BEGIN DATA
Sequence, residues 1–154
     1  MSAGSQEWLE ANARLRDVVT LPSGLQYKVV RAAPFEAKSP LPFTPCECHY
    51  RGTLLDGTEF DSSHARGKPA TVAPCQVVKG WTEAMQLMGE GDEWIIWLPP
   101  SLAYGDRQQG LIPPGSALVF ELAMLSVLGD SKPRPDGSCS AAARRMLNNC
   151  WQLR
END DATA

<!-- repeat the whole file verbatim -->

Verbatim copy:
Sequence, residues 1–154
     1  MSAGSQEWLE ANARLRDVVT LPSGLQYKVV RAAPFEAKSP LPFTPCECHY
    51  RGTLLDGTEF DSSHARGKPA TVAPCQVVKG WTEAMQLMGE GDEWIIWLPP
   101  SLAYGDRQQG LIPPGSALVF ELAMLSVLGD SKPRPDGSCS AAARRMLNNC
   151  WQLR